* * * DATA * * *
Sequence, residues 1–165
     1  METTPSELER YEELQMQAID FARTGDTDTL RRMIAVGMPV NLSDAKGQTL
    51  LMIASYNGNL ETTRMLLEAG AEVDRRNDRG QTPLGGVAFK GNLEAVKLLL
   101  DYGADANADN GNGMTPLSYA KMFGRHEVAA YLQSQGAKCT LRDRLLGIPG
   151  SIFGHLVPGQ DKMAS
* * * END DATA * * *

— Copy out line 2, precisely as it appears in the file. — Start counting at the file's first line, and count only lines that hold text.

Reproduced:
     1  METTPSELER YEELQMQAID FARTGDTDTL RRMIAVGMPV NLSDAKGQTL